It couldn't do everything.
I'm not bashing Ron – the guy can sell, and most of his products work. The problem wasn't the product – the problem was me. How much food-dehydrating did I actually need to do? Of course, I dehydrated everything I could get my hands on in the first month, just to prove that the dehydrator actually was a miracle device.
Unfortunately, my "miracles" were a bit shy of walking on water. Dried apricots – yum. Dried apples – not bad. Dried cantaloupe? Save your money and just chew on a deflated basketball. In retrospect, I could have just eaten all of these things fresh – I wasn't exactly short on refrigerator space or planning a hike up Kilimanjaro.
I also bought one of the early versions, a fanless model that took about 48 hours to dry anything other than a Saltine. The biggest problem, though? The thing was huge, and and after that sad first 2 months of trying to prove why I needed it, it mostly just sat in the cabinet, reminding me of my poor decision-making abilities.
Give it 24 hours.
So, I made a simple rule. If I saw something that I just needed to buy, I'd wait 24 hours and see if it still sounded like a good idea. I never bought anything from an infommercial again. It's funny how sensible a screaming Aussie can sound at 2am. Not so much in the light of day.
These days, as a 40-year-old dad of a 7-month-old, I'm not up late enough to watch many infomercials (I restrict my insomnia TV to mature, educational programming, like Cartoon Network), but I still use the 24-hour rule almost every week. Think you have to have that iPad2 just because Steve Jobs made it look so awesome? Give it 24 hours. Your friend just upgraded his Droid, and now it has 1.6% more contrast? Hold that thought.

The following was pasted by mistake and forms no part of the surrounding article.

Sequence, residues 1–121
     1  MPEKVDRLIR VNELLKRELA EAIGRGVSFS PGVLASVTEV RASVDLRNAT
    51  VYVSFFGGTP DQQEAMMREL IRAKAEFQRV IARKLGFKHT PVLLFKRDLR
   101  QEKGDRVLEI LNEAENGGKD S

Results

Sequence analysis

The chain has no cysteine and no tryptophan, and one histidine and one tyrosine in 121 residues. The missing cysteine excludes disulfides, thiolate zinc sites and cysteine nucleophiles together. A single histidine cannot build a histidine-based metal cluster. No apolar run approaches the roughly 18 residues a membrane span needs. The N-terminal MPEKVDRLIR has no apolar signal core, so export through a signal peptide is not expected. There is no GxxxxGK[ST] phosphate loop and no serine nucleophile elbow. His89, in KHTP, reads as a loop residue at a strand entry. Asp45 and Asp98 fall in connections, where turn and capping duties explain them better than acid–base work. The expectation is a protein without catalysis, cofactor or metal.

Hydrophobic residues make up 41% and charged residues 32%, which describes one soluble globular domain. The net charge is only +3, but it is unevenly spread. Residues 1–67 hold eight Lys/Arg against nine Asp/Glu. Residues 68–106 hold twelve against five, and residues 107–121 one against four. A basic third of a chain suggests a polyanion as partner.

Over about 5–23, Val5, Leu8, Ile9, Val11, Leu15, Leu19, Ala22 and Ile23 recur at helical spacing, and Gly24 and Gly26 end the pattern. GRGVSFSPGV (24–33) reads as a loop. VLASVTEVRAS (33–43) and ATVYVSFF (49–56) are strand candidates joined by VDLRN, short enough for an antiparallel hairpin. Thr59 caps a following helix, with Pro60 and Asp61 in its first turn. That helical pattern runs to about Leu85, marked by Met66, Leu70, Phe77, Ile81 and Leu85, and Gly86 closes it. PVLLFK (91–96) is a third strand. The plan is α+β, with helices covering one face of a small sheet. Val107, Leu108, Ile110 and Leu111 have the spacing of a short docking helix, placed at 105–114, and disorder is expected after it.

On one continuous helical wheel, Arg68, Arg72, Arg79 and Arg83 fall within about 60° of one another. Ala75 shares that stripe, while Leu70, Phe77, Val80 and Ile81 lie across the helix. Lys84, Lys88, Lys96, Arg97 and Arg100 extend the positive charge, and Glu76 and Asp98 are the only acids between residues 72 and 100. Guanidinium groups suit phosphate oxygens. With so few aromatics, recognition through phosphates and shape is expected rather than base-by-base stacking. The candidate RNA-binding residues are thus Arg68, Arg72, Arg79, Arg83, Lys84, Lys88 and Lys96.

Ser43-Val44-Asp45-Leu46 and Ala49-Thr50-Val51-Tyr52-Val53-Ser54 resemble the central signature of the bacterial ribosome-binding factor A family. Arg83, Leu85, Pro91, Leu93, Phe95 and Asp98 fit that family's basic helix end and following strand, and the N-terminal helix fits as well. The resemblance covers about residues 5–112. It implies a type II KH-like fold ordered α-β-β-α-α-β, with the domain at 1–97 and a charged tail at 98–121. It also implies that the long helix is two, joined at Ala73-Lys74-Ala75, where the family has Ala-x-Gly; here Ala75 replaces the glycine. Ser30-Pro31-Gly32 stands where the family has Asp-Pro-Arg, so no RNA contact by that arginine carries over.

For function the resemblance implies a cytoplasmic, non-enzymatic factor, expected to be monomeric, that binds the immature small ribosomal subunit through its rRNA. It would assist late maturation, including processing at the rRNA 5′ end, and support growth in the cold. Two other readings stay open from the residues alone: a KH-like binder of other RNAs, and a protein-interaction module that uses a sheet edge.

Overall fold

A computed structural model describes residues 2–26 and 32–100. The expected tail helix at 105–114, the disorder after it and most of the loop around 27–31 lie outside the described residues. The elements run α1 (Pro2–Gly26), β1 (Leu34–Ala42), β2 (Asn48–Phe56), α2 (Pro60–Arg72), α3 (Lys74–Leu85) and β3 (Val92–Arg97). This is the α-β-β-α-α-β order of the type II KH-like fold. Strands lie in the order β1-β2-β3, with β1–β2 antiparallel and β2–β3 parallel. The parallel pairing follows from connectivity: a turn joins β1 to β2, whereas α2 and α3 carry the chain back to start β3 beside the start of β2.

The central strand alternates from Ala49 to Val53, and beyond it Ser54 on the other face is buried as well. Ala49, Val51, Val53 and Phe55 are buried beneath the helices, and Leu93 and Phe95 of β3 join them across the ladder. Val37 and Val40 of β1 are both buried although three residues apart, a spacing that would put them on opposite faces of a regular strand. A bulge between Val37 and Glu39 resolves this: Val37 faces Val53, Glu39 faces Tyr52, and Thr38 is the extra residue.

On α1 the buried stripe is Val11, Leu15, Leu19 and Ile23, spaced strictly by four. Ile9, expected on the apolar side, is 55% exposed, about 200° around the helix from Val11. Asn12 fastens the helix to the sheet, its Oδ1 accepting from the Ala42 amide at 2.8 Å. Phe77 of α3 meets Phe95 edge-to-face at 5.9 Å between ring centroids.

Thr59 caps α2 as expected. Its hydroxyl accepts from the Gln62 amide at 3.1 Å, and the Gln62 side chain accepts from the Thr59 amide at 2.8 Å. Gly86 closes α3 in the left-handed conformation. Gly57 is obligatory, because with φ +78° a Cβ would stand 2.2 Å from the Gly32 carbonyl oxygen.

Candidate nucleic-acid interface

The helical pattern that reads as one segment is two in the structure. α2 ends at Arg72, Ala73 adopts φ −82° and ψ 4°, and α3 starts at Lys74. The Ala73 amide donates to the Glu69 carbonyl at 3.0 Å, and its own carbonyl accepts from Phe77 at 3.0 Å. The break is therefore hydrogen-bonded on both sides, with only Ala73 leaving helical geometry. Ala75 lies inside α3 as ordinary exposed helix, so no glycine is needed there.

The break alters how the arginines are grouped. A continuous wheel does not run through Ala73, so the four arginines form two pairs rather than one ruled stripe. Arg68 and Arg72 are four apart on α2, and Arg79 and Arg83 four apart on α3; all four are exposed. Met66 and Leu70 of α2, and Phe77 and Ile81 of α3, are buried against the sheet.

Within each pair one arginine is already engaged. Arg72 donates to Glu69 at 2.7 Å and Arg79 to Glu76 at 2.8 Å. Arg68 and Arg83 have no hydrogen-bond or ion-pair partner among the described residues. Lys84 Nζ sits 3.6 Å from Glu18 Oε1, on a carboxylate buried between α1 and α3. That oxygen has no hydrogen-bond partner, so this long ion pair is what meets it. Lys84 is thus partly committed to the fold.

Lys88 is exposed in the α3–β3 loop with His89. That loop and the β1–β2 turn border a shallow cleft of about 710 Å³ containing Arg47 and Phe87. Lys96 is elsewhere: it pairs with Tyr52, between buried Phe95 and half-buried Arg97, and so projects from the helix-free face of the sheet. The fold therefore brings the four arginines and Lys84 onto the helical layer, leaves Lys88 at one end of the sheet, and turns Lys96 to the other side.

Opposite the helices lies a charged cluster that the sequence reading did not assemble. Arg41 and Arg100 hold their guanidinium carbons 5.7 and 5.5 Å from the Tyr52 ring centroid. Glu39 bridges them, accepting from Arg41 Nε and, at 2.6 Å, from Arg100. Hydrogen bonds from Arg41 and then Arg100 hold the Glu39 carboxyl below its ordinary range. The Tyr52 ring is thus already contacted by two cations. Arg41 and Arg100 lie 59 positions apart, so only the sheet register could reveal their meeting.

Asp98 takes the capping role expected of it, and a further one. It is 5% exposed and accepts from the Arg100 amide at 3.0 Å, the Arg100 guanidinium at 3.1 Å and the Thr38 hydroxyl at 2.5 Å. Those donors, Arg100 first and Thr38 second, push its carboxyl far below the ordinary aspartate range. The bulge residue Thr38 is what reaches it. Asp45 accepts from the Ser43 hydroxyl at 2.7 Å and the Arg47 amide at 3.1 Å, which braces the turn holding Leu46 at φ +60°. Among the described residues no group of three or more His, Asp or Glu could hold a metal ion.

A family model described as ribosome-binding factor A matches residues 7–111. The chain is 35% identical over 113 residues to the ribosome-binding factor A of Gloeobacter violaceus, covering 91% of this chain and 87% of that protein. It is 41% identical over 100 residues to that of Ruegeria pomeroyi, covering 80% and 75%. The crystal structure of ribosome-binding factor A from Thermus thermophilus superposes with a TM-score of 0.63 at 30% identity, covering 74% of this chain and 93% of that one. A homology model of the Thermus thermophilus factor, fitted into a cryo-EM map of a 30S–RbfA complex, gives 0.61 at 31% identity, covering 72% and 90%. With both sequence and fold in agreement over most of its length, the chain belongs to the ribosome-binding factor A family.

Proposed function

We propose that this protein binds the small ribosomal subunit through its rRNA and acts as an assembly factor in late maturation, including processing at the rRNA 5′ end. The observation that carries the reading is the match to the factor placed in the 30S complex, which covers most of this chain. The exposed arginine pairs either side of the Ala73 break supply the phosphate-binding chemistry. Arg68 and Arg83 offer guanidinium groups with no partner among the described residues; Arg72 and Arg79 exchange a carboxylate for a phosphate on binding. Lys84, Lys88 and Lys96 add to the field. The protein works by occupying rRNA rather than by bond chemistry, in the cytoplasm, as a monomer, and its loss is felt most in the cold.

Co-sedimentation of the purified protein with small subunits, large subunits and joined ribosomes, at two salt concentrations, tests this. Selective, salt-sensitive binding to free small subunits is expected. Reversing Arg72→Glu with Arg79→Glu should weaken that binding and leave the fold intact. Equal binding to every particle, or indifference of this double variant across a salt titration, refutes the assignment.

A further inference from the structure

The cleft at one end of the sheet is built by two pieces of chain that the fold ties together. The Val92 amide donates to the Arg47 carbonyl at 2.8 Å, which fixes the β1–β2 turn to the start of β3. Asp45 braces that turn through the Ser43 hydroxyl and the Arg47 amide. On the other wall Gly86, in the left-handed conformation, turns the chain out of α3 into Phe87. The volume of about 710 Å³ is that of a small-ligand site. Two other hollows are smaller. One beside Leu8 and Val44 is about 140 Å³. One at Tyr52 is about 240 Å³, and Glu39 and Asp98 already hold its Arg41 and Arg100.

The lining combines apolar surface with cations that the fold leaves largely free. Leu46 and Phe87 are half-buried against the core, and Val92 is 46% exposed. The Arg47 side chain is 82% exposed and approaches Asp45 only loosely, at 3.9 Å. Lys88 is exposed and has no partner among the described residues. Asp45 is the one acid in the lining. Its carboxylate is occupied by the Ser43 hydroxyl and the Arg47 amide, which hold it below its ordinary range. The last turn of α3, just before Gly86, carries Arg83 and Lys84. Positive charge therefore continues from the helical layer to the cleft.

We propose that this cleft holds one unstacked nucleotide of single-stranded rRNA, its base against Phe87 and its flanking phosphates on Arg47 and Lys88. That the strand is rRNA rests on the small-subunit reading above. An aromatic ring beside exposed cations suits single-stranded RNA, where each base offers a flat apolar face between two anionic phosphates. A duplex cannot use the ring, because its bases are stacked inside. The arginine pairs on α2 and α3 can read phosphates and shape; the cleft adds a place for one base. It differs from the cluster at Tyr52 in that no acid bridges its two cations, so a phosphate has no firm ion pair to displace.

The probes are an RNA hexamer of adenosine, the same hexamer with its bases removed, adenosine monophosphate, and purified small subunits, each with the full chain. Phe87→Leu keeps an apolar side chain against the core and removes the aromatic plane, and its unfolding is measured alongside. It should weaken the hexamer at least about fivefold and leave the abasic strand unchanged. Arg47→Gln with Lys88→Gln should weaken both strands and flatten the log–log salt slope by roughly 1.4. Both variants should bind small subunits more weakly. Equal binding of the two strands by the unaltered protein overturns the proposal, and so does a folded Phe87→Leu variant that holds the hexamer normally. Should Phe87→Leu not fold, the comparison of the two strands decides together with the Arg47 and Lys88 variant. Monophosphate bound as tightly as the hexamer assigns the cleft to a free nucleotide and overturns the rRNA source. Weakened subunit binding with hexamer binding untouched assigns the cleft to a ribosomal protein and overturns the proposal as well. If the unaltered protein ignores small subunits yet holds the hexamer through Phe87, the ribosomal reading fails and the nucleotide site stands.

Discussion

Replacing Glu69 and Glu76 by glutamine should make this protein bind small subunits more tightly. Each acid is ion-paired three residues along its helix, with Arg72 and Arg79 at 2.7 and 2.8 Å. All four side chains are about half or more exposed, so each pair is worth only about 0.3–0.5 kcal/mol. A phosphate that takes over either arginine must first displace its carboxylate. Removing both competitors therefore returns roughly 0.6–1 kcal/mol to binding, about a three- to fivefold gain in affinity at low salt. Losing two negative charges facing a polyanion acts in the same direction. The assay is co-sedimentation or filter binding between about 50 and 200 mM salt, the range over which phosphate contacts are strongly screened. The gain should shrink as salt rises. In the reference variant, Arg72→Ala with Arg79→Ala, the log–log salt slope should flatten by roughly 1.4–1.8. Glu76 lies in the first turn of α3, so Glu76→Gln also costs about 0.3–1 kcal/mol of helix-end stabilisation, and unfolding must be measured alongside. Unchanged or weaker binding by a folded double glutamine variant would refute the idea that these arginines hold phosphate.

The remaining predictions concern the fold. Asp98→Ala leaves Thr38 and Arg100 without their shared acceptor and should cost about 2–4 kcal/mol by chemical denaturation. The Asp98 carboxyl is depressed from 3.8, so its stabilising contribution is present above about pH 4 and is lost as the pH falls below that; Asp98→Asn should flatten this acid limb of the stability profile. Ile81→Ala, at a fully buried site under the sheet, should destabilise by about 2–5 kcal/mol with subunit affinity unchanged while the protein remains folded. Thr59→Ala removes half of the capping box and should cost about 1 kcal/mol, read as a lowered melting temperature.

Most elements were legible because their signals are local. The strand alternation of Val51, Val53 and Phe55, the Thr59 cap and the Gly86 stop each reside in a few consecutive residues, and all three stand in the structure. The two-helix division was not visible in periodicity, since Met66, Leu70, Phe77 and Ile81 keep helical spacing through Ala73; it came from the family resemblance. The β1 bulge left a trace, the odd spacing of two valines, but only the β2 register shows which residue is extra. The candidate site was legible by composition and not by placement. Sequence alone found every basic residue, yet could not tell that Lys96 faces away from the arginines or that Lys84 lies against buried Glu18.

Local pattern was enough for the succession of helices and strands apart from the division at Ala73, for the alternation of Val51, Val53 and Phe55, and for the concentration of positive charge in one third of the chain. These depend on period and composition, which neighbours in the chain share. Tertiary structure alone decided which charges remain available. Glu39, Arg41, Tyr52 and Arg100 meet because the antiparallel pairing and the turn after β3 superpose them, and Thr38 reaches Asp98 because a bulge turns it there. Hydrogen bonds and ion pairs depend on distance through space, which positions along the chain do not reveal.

We're under constant pressure to consume, and we all get caught up in the moment now and then. Sometimes, it's fun, but when you're sitting on credit card debt and spending thousands on a pile of buyer's remorse every year, maybe it's time to wait 24 hours.
Make a shopping list.
Of course, sometimes waiting isn't practical. I'm not about to go to the grocery store, write down everything I want, go home, wait 24 hours, and then go back to buy it. That's where post-thinking needs to be replaced by pre-thinking. Make a list, and stick to it. Do it for every store that makes money on impulse buys – grocery stores, big box retailers, electronics stores, even the gas station (you went for gas, remember, not a Big Gulp and 2-lb. bag of Combos).
Budget your impulses.
Another option – set a limit on your impulse buys. It's ok to have a little fun, but you know that 6th latte of the day or after-work Cheesecake Factory habit probably isn't the best use of your money (or calories). So, set a limit – maybe you get $20/week for impulse buys. Make a list of what counts – there's no one to cheat here but yourself and your bank account.
Most of all, think.
You know what 24 hours does? It lets you clear your head and think. We believe we're great decision makers, but we're not. We're riddled with cognitive biases, and most of them kick in when we have to make a decision fast and under pressure. It may not seem like it, but that guy yelling at you on the TV while the timer counts down – that's pressure. Remember that snack shelf at eye-level you have to stare at while the person in front of you pays with 14 expired coupons and 2 personal checks? That's pressure. Advertisers know it, stores know it, and they take advantage of you.
So, stop and think – you'll be amazed at the difference.
Image licensed from iStockPhoto (FreezeFrameStudio, ©2009)